But soon, my paranoia worsened. I believed my now-boyfriend was cheating on me. I thought my ex-husband was molesting our daughter during his visits with her. Then, I thought my boyfriend was too. That he was trying to poison and kill me and that he was sleeping with my sister. I believed my air was being poisoned at home and in my car vents and that my water was infected too.
One night in late March of 2021, I argued with my boyfriend and accused him again of terrible things. When he left the house, I took as many pills as I could find. At the hospital they pumped my stomach and I had to go to an in-patient facility. The new medications were not doing much either. Things took a turn for the worse a couple of weeks later. My paranoia was at an all-time high. I thought my boyfriend was sleeping with my stepmom. I believed everyone was trying to kill me, including the neighbors.
In early April that year, I took my younger daughter and drove away without even a car seat in the car. I thought everyone in a passing car was a child molester or gang member coming to do us harm so I would swerve into their lane and yell at them. Eventually, I ran a red light and hit another vehicle. Ambulances and police arrived. They arrested me and my daughter was taken to hospital. Thankfully she was fine but an order against seeing my children went into effect.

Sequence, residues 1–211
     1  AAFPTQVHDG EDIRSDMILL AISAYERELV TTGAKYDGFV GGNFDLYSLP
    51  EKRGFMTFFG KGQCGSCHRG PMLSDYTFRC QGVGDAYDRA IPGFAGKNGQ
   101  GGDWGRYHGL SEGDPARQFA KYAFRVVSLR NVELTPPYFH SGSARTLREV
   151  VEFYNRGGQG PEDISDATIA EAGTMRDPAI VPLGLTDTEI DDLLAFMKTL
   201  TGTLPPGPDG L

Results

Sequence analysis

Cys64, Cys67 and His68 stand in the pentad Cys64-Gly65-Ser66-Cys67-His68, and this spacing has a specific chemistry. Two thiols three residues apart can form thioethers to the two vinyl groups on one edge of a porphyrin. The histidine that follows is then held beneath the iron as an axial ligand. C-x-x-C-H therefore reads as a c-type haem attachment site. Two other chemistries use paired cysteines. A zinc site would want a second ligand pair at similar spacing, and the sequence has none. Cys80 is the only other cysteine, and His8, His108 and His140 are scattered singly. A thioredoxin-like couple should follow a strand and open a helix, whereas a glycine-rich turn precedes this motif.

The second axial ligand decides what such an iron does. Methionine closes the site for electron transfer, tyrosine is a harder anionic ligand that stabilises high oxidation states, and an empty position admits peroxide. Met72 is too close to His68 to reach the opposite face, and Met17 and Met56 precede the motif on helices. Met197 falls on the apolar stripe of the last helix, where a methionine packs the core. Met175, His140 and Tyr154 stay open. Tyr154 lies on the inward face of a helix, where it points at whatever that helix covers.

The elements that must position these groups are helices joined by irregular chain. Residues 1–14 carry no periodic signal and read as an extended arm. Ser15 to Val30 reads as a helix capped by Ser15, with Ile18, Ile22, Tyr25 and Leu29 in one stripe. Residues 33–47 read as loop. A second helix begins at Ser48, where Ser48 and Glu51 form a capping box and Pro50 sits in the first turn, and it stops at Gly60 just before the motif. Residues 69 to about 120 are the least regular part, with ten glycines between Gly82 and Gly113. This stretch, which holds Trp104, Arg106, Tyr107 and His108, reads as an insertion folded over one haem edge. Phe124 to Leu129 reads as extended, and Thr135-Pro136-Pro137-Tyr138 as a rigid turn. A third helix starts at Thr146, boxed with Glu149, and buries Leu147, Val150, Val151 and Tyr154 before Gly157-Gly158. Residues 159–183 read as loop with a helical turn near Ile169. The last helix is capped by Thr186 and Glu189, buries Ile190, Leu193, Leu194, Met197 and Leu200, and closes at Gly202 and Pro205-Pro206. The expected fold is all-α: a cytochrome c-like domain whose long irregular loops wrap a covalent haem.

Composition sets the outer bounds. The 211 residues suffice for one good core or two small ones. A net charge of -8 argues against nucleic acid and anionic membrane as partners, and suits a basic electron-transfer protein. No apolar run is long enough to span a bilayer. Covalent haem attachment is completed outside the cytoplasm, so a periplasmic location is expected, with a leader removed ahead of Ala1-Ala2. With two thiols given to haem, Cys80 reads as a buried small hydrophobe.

When I was released from jail, I went to live with my aunt. I still had fears of being followed and people wanting to kill me. But the accident made me realize I had to turn my life around. That’s when I opened up to my psychiatrist. I told my mental health team everything - from the signs and billboards to the radio messages, to the tingles, and everything in between.
I was put on a higher dose of Effexor and started taking Abilify. Within days, my aunt said I was a completely different, non-combative person. The paranoia disappeared. Within a month, I applied for a really good job and got it. I also made a safe plan with my family to watch for signs of deteriorating mental health. Eventually I was able to visit my kids and then have them with me again.
The mental illnesses I have experienced in my life run the gamut from anxiety, panic disorder, depression, psychosis, possibly paranoid schizophrenia and/or bipolar depression to ADHD, and while some were officially diagnosed and others not, I lived through them. I cannot begin to cover the different delusions, hallucinations, feelings of hopelessness, and distress I experienced but I can say there is hope and help.
With evidence-based information from organizations like ADAA and ongoing and novel research, advocacy and treatment, as well as candid and honest dialogue with mental health teams, friends and family, I believe we can all get better. There is life after severe mental illness.
I hope my story inspires and helps people who are suffering to feel less alone and know they will not always be in a dark, frightening, despairing place. We can rise above and every day I am so thankful for the science and medication that have given me my life back.